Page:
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Gov. Katie Hobbs taps former lawmaker David Lujan to head the Department of Child Safety

Gov. Katie Hobbs has tapped a former Democratic lawmaker who has advocated for higher taxes and against Republican-proposed tax cuts to head the Department of Child Safety.

But David Lujan told Capitol Media Services on Monday that he hopes that doesn’t become an issue when he is screened by a special Senate panel for the job.

Hobbs chose Lujan, who is executive director of the Children’s Action Alliance, after she withdrew the nomination last month of Matthew Stewart to be DCS director. That occurred even before he went before the Senate Committee on Director Nominations.

The governor said it was “a decision that was made for the bests interests of all parties involved.” But Sen. Jake Hoffman (R-Queen Creek), who chairs that panel, said that Stewart, who had been serving as director since initially being named, said there were “troubling events” that suggested that Hobbs wasn’t properly vetting her nominees.

Whether her new pick has better luck remains to be seen.

“We’re concerned with making sure that we have qualified candidates that are thoroughly, accurately and honestly vetted for these positions,” Hoffman said Monday.

And he called DCS “one of the most important agencies that we have.”

“It takes care of vulnerable children in our state,” Hoffman said. “So we’re going to be looking at qualifications that are relevant to doing that job.”

In naming Lujan, Hobbs cited his experience as president and CEO of Children’s Action Alliance, describing it as “a nonpartisan voice for children at the state Capitol.” She also mentioned his time as a state senator and representative and that he was an attorney for a nonprofit organization that provided legal services for abused and neglected children and was the chief administrator of the Arizona State University Preparatory Academy, a public charter school.

What is not in the governor’s press release is Lujan’s role as executive director of the Arizona Center for Economic Progress, a separate arm of Children’s Action Alliance.

That organization was at the forefront of a 2020 initiative to impose a 3.5% surcharge on income taxes owed by individuals making more than $250,000 a year. Voters approved the measure, only to have the levy and the $800 million a year it would have raised declared uncollectable after a court challenge by Republican lawmakers.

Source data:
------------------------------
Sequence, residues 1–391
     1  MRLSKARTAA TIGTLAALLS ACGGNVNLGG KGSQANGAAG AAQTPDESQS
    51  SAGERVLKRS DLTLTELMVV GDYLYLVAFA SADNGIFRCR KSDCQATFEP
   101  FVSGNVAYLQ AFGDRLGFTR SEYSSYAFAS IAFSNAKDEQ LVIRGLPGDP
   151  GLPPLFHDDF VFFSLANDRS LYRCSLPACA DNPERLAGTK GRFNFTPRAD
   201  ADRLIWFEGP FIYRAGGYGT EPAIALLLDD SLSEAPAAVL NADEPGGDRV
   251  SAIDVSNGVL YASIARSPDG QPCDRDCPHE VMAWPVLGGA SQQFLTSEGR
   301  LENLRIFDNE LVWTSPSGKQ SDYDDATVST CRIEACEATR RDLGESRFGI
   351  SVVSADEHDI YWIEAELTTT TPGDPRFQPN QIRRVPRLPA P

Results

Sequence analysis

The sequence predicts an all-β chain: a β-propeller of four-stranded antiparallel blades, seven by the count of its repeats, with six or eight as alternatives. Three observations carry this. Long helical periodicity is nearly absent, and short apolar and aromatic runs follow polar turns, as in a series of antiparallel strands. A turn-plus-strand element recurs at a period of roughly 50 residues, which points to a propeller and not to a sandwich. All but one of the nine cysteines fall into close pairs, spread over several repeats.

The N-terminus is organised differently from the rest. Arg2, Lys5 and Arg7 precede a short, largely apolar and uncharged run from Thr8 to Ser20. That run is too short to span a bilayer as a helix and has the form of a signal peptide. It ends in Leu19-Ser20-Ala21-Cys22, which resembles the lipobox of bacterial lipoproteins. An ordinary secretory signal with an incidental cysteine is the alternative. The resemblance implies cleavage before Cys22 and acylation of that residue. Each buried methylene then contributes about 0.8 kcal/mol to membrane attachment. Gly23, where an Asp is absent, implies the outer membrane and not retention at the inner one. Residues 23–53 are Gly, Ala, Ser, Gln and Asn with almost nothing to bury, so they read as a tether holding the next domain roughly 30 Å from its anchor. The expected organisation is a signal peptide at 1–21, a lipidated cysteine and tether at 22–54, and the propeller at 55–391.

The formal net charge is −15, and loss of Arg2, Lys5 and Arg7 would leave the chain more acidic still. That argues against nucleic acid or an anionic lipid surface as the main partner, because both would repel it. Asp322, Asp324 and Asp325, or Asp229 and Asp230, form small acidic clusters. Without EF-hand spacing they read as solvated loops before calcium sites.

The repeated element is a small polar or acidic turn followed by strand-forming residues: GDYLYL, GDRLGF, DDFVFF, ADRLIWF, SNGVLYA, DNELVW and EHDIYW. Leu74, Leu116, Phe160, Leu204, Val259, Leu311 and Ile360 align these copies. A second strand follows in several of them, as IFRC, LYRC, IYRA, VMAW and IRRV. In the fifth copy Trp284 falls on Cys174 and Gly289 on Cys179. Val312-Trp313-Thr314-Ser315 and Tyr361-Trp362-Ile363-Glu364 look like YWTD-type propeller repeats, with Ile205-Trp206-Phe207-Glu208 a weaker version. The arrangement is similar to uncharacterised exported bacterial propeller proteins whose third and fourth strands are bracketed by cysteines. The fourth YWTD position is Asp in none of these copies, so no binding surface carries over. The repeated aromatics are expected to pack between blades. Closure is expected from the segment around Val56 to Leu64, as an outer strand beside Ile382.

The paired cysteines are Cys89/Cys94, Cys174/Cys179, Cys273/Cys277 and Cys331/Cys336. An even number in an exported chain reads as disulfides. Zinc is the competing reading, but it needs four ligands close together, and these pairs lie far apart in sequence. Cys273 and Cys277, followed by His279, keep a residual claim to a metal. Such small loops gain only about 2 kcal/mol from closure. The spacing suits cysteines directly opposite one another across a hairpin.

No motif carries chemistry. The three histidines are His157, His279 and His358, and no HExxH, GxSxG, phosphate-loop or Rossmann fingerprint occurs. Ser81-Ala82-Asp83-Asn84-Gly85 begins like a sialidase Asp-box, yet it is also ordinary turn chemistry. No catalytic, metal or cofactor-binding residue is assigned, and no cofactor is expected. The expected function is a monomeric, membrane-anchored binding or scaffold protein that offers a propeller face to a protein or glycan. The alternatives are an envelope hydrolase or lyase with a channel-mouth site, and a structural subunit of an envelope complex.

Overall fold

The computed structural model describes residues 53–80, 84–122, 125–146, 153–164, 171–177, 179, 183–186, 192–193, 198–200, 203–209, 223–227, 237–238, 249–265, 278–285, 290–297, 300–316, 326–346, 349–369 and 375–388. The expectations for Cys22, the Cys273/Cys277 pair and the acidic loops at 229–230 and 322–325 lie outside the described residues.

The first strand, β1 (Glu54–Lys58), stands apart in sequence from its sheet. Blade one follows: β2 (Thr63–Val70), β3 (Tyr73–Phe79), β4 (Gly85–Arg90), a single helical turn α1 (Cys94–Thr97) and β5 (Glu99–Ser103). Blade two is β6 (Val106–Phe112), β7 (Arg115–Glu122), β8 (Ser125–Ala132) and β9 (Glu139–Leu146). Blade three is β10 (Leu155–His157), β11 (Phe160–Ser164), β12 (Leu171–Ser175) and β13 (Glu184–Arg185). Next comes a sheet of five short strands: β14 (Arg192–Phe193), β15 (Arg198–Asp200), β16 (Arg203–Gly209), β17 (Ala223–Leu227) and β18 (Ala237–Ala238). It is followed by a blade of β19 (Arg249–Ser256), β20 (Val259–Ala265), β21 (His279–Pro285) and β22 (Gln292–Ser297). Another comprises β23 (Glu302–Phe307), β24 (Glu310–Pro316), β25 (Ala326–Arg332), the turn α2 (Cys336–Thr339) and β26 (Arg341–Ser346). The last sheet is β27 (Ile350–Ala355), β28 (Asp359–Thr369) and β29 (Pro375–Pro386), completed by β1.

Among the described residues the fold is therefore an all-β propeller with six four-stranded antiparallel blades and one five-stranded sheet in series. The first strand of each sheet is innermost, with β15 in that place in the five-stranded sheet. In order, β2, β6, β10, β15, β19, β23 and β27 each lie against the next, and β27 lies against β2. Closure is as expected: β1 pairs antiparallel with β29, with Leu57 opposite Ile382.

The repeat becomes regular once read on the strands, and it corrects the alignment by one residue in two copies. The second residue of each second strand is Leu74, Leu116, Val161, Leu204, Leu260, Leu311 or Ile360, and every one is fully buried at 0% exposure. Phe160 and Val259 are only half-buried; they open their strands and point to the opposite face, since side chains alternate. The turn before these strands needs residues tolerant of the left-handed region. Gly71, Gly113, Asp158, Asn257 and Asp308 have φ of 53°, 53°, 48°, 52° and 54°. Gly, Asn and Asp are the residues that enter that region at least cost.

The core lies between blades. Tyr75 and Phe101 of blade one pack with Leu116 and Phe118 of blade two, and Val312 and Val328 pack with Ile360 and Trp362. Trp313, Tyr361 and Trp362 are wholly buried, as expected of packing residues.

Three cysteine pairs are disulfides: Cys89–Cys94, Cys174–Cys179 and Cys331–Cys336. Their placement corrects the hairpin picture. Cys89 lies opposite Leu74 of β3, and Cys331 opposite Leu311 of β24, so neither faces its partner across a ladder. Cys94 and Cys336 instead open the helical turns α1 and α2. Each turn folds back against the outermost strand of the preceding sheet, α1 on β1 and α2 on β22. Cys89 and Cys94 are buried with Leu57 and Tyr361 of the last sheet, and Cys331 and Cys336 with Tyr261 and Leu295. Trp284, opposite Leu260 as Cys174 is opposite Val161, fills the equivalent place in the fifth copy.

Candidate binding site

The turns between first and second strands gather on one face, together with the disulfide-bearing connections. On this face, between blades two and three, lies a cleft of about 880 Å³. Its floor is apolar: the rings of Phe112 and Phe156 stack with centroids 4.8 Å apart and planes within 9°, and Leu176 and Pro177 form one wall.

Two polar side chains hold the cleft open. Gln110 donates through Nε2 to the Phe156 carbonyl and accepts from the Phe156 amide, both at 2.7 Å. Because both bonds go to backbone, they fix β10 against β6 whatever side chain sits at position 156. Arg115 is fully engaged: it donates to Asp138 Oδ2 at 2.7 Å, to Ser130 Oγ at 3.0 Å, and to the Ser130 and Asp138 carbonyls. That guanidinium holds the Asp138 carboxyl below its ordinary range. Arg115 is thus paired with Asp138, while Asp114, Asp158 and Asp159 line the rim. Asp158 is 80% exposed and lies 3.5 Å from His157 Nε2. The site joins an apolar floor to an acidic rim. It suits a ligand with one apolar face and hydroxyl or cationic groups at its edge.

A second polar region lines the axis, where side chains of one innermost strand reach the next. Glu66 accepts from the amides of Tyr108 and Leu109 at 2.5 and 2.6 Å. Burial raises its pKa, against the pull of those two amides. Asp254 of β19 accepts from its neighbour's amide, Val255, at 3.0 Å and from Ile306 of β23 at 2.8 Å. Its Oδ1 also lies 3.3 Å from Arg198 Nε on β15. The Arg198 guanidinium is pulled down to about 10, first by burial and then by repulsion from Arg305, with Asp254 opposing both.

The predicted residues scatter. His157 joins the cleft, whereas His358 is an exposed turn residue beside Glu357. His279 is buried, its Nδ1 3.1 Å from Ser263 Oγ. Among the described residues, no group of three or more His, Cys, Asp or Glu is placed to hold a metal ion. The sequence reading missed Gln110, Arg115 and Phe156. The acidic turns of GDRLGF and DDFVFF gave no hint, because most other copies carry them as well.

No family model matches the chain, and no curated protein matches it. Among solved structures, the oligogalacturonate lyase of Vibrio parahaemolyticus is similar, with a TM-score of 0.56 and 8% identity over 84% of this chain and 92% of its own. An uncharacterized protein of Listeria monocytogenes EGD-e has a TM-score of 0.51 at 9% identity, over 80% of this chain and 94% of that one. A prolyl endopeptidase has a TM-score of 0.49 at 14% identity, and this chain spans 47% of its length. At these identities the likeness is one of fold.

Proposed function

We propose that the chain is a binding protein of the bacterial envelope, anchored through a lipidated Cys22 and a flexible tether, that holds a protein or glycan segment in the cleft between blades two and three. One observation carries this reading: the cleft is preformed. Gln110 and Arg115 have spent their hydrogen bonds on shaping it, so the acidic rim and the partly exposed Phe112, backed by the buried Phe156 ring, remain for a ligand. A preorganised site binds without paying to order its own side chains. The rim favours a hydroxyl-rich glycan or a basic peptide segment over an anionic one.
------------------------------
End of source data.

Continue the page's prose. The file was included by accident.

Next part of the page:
And Lujan has stayed active in the tax arena. Just last month he opposed a GOP-backed measure to cut the corporate income tax rate nearly in half that legislative budget analysts said eventually could cut state revenues by nearly $670 million a year.

Lujan said he hopes his role in opposing Republican efforts to cut taxes does not affect his nomination.

“Protecting children should be a nonpartisan issue,” he said.

Hoffman, at least for the time being, appears to agree that the screening process should focus on the nominee and not his political background.

“We need to make sure that we have folks who understand the job, that can do the job, that can collaborate and communicate not only inside the agency but also outside providers,” he said, noting that DCS has contracts with many private entities who provide direct services to children, including group homes.

“We have lots of vulnerable children in this state,” Hoffman continued. “We need to make sure they get taken care of.”

Prior to this year, gubernatorial nominees were screened by existing Senate panels who have expertise in that area. So a pick for the health chief would go to the Health Committee; the Public Safety Committee would review someone named to head the Department of Public Safety.

All that changed this year when Senate President Warren Petersen (R-Gilbert) formed the nominations panel and tapped Hoffman to chair the committee, with three Republicans and two Democrats. Hobbs has made it clear she is not happy with the process.

Her frustration came out after the committee voted against her pick of Pima County Health Director Theresa Cullen to head the Department of Health Services. The governor withdrew Cullen’s nomination, though the full Senate went ahead anyway and voted to reject her.

“The committee has made it very clear that they’re not interested in seriously vetting my nominations,” the governor said last week of Hoffman’s panel.

“They’re interested in carrying out the personal vendetta against me and using my name as proxy to do that,” she said, accusing Hoffman of “creating a stage for his political theater.”

Hoffman on Monday said he would not respond to the governor’s statements.

“I’m just not going to get into the weeds and name-call and whatnot like Katie Hobbs has done,” he said. “We’re focused on doing the work of the people and that’s what we’re going to keep doing.”

No date has been set for a hearing on Lujan as Hoffman said he has not yet seen the required paperwork from the governor.

For more on the kind of work the new director of the Department of Child Safety will be focusing on, The Show spoke to Luis De La Cruz, president and CEO of Arizona Friends of Foster Children Foundation.

More stories from KJZZ

Mark Brodie is a co-host of The Show, KJZZ’s locally produced news magazine. Since starting at KJZZ in 2002, Brodie has been a host, reporter and producer, including several years covering the Arizona Legislature, based at the Capitol.